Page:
Mitsubishi, Hitachi eye disc for cloud computing era

Aug 06, 2009 The Yomiuri Shimbun

Hitachi Ltd., Mitsubishi Chemical Corp. and some other organizations plan to jointly develop a next-generation optical disc that can store 25 times more data than a Blu-ray Disc, with the aim of putting the technology into practical use in 2012, industry sources said this week.

The next-generation one disc will be designed to complement cloud computing, which allows for the storage of data and information offline on interconnected databases. It also would increase the efficiency of personal computers.

According to the sources, the next-generation disc will employ hologram technology, in which a laser is used to write 3-D images to record and reproduce data.

The greatly increased capacity of the new disc is achieved by storing data not only on its surface but also within the disc.

Tokyo University of Science and some other entities will participate in the joint development of the disc with , Chemical and their group companies.

In late July, these organizations jointly established a technical research consortium that is entitled to preferential tax treatment.

The companies and partners plan to invest a total of about 10 billion yen in the project over the next three years.

An increasing number of companies have turned to cloud computing to save time and cost, especially when carrying out large-scale system upgrades. Cloud computing refers to the storage of data on databases, servers and computer networks, which can be viewed on a PC via an application when needed, reducing reliance on software.

Therefore, such companies in particular have been urged to expand the data-storage capacity of the servers in their data centers.

The capacity of current PC hard discs is as high as about two terabytes, which is much larger than the up to 50 gigabytes offered by Blu-ray Discs.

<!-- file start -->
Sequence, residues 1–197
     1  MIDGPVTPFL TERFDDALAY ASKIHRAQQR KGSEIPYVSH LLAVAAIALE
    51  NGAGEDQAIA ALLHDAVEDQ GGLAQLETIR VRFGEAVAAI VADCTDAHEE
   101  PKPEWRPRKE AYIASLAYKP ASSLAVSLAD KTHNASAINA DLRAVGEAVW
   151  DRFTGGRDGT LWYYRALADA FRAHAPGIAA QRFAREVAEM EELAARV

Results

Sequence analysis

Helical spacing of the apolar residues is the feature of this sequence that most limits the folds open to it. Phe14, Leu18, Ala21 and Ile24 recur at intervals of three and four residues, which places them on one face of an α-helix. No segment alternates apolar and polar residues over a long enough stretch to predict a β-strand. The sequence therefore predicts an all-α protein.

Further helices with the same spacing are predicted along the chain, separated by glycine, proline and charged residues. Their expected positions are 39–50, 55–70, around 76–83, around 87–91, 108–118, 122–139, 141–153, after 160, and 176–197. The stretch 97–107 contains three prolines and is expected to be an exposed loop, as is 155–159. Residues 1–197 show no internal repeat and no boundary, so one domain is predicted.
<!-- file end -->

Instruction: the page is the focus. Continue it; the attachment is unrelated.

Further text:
Though hard discs offer a convenient way to frequently access data, PCs must be kept on standby to allow fast access to data, which results in high power consumption.

If a combination of hard disc storage and optical disc storage are used based on the frequency data is accessed, it has been estimated that power use per PC could be cut by about 40 percent.

In cloud computing, software such as those for document management and e-mail are not stored on a PC. Users instead access software held on servers at data centers via an Internet-linked application. Thus also reduces the burden on computers, allowing less powerful models to be used effectively.

___

(c) 2009, The Yomiuri Shimbun.
Visit the Daily Yomiuri Online at www.yomiuri.co.jp/index-e.htm/
Distributed by McClatchy-Tribune Information Services.

Explore further: 50 Cent, Intel team up on heart-monitor headphones

add to favorites email to friend print save as pdf

Related Stories

Pioneer to Ship PC-Based Blu-ray Disc Drive in Q1 2006

Dec 27, 2005

Pioneer Electronics today announced one of the industry’s first Blu-ray Disc computer drives. The new BDR-101A will utilize shorter wavelength blue lasers in order to store up to 25 gigabytes of information ...

Philips breaks data storage barriers

Jan 14, 2005

Philips unveiled its new all-in-one PC writer, the OPU81, at the Consumer Electronics Show in Las Vegas this month. The triple laser optical pick-up unit (OPU) can read and write CD-R/-RW, DVD+R(DL)/+RW and the next generation ...

Apple Joins Blu-ray Disc Association

Mar 11, 2005

The Blu-ray Disc Association (BDA) announced that Apple has joined the consortium and will become a member of the Board of Directors. "Apple is pleased to join the Blu-ray Disc Association board as part of our efforts to ...

Recommended for you

The ethics of driverless cars

13 minutes ago

Jason Millar, a PhD Candidate in the Department of Philosophy, spends a lot of time thinking about driverless cars. Though you aren't likely to be able to buy them for 10 years, he says there are a number ...

We need new laws to govern cyberwarfare

33 minutes ago

President Bush is reported to have said: "When I take action, I'm not going to fire a US$2m missile at a US$10 empty tent and hit a camel in the butt. It's going to be decisive." As the quote suggests, when ...

Ticketfly buying WillCall for on-premise data

1 hour ago

Ticketfly Inc., a San Francisco-based technology company among several posing a challenge to Ticketmaster, is acquiring WillCall Inc., a crosstown rival that turns your smartphone into a mobile wallet at live events.

Voice, image give clues in hunt for Foley's killer

2 hours ago

Police and intelligence services are using image analysis and voice-recognition software, studying social media postings and seeking human tips as they scramble to identify the militant recorded on a video ...

Smartphone-loss anxiety disorder

2 hours ago

The smart phone has changed our behavior, sometimes for the better as we are now able to connect and engage with many more people than ever before, sometimes for the worse in that we may have become over-reliant on the connectivity ...

User comments : 0